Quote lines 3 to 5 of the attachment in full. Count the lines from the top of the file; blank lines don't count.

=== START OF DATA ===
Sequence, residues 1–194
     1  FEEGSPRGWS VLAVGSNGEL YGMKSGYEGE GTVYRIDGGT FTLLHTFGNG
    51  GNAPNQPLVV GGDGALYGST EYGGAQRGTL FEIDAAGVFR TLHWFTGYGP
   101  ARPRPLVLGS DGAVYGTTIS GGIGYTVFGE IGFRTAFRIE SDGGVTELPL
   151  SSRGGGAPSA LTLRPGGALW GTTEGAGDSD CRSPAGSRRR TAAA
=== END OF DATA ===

    51  GNAPNQPLVV GGDGALYGST EYGGAQRGTL FEIDAAGVFR TLHWFTGYGP
   101  ARPRPLVLGS DGAVYGTTIS GGIGYTVFGE IGFRTAFRIE SDGGVTELPL
   151  SSRGGGAPSA LTLRPGGALW GTTEGAGDSD CRSPAGSRRR TAAA